Kicking off #SunshineWeek, Tester Takes Three Big Steps to Increase Transparency in Campaigns & Elections

Senator takes aim at Citizens United with new Constitutional Amendment, reintroduces the SUN Act, and calls for more accountability in online political advertising

(U.S. Senate) – Kicking off #SunshineWeek with a bang, U.S. Senator Jon Tester is taking three big steps to shine a light on dark money in politics and limit its role in U.S. elections. Today, Tester reintroduced his Sunlight for Unaccountable Non-Profits (SUN) Act, called for more transparency in online political advertising, and took aim at the Supreme Court’s Citizens United decision by proposing a Constitutional Amendment to overturn the infamous 2010 ruling.

“A good government is a transparent government,” Tester said. “That’s why we need initiatives like Sunshine Week, because bringing more accountability and transparency to Washington is the only way to ensure our democracy works for everyone.”

“Corporations Aren’t People” Constitutional Amendment
Today, Tester proposed a Constitutional Amendment to stop the flow of dark money into U.S. elections. In its now infamous Citizens United (2010) decision, the Supreme Court declared that when it comes to free speech, corporations are people. This decision paved the way for unlimited and virtually unregulated spending by corporations in our elections. Tester’s Constitutional Amendment states what should be obvious: Corporations aren’t people and they should not be able to spend unlimited amounts of money trying to influence America’s elections.

“Senator Tester is building on Montana’s proud tradition of supporting good government, fair elections, and keeping Big Money out of our elections,” said Tiffany Muller, President of the End Citizens United Action Fund. “These bills would keep the public informed by shining a light on secretive ‘dark money’ groups, and it strikes at the heart of the Citizens United decision by declaring that corporations are not people. We thank Senator Tester for standing up for Montanans against corporate special interests and we’ll fight vigorously in support of these reforms.”

Sunlight for Unaccountable Non-Profits (SUN) Act
Tester also reintroduced the Sunlight for Unaccountable Non-Profits (SUN) Act. This bill requires information about major donors to tax-exempt organizations that engage in political activity be publicly available. The U.S. Supreme Court’s Citizens United decision allowed these groups to raise and spend tens of millions of dollars without voters knowing who is filling their coffers or why. That’s why Tester’s bill requires the IRS to publish the names of any donors who give more than $5,000 to tax-exempt political groups.

“The SUN Act will help bring political spending out of the shadows, and create some much-needed transparency for those seeking to influence our politics,” said John Wonderlich, Executive Director of the Sunlight Foundation. “We want to thank Senator Tester for his steadfast commitment to shining a light on our elections.”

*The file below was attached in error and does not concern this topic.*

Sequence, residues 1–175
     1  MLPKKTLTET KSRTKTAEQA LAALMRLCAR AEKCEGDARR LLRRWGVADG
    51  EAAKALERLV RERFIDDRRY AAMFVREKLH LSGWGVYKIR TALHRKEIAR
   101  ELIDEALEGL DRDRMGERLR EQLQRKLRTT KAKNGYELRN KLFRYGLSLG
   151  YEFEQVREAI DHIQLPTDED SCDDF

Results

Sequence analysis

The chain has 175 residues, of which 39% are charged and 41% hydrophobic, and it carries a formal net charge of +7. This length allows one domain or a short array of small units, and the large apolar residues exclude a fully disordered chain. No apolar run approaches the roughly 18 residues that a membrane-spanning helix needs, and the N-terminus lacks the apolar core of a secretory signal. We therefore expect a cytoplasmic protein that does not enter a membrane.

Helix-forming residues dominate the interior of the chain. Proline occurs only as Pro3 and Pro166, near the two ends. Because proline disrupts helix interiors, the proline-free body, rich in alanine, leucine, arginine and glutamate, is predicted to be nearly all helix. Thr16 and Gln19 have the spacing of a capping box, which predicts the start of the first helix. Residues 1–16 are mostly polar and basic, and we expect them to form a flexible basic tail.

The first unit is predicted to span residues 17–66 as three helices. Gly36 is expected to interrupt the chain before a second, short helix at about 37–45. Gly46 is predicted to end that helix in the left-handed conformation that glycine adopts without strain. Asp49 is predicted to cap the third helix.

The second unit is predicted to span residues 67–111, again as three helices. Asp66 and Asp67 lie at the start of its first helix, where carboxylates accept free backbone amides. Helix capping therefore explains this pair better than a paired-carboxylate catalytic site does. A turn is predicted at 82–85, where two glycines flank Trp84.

Letter to the FEC Re: Online Political Ad Disclaimers
Finally, Tester is pushing the country’s main election watchdog to shine a light on digital advertising. Last week, he sent a letter to Federal Election Commission (FEC) Chairwoman Ellen L. Weintraub demanding the agency require disclaimers identifying the source of funding for online political ads. These disclaimers are currently required on television and newspaper ads, but not on social media platforms.

“Online political advertising is like the Wild West and voters are being disenfranchised because of it,” Tester wrote. “Americans deserve to know who is paying for online advertisements placed to influence their vote, regardless of whether those advertisements run on the radio, television, or online.”

Launched in 2005, #SunshineWeek is an annual initiative to promote government transparency and accountability by shining a light on our democracy and increasing access to public information. Tester, who has long championed these principles, received the American Library Association’s 2017 James Madison Award during Sunshine Week in 2017 for his work to increase access, accountability, and transparency across the federal government.

He is the founder and Chairman of the Senate Transparency Caucus and was the first Senator to publish his daily schedule online-something he still does to this day. He has voted to end automatic pay raises for members of Congress and has long supported ending the revolving door between Capitol Hill and K Street.

He recently reintroduced the Spotlight Act, a bill to shine a light on dark money political donors and hold the Trump Administration accountable to enforce the nation’s campaign finance laws. And in September of 2018, Tester’s bill requiring Senate candidates to electronically file their campaign finance reports with the Federal Election Commission was signed into law.

More on Tester’s efforts to shine a light on dark money is available HERE.